OTP authentication systems can use different methods to generate the final password that will be provided to the user. Examples are: event-based authentication, time-based authentication or a challenge-response authentication method.
The main advantages we can highlight are the low cost that their use entails for companies, in addition to the fact that the level of security they offer us is very robust and reliable. Plus, they pose no problems for the user as there is no need to install new applications.
Authentication based on biometric factors
This is a favorite among users, as it is one of the most comfortable in terms of usability as well as being one of the safest. There are different types of biometric authentication. Facial and fingerprint recognition are the most commonly used, although we can also find solutions that use the iris or physiognomy.
Its popularity has been increasing in recent years, and is expected to increase even more over coming ones. This is due to the ease with which the user can access this type of technology and how easy it is to use. In the case of fingerprint recognition all the user has to do is place his or her finger on their mobile's reader.
On the other hand, we can find problems in the implementation of these mechanisms. If the system implementation is not robust enough, an attacker could use simple tricks to authorize the authentication. For example, they could use a photo of the victim in the case of a facial recognition system.
In addition to the use of physical biometric factors to authenticate the user during login, there is also the possibility of providing security through a behavioral biometrics analysis able to identify a user silently (without impacting their user experience), analyzing the way they type, move the mouse, hold their mobile phone, their movements within an application or website, pressure, latency, response speed and many others. This analysis makes it possible to detect if it is really the legitimate user or if, on the contrary, it is an attacker who has managed to fraudulently access the user's account.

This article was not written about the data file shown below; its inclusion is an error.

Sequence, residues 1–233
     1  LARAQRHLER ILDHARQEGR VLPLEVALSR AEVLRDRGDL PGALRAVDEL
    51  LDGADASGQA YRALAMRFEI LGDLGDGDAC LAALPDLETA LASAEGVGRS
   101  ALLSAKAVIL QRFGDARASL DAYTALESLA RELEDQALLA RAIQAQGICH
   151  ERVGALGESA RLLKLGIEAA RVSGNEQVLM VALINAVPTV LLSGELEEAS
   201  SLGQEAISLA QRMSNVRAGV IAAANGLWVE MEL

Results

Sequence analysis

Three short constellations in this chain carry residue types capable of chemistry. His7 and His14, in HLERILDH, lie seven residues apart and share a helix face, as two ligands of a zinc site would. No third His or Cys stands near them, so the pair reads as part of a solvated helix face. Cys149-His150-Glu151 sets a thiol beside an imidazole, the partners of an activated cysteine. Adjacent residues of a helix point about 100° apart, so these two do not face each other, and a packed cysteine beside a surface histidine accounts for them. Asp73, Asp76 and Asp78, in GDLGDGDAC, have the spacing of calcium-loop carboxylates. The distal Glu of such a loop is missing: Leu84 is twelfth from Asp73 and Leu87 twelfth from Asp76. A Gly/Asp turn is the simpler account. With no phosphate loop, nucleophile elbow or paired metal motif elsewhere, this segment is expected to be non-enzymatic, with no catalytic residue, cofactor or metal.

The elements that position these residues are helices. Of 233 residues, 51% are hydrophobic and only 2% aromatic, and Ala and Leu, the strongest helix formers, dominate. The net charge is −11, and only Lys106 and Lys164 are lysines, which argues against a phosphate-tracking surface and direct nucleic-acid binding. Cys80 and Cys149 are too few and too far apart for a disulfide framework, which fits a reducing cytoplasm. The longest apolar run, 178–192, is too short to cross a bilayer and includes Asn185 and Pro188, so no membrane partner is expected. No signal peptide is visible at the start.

Other methods being phased out
In addition to the authentication factors introduced above, we find others that are gradually being replaced by new mechanisms. These include coordinate cards, phone calls, hardware tokens in calculator or USB mode, etc.
Looking forward: continuous biometric analysis
However, these methods begin to coexist with new techniques such as the analysis of biometric behavior, which is even less intrusive in the user experience and also provides an element of continuous authentication. This means the user’s identity is not only verified when they use their fingerprint or face for authentication (static authentication), but throughout the user's session when using any online service, which provides a higher level of protection.
At buguroo we are committed to this type of technology and we develop solutions that make it possible to detect if a user is being impersonated or manipulated during an entire online session.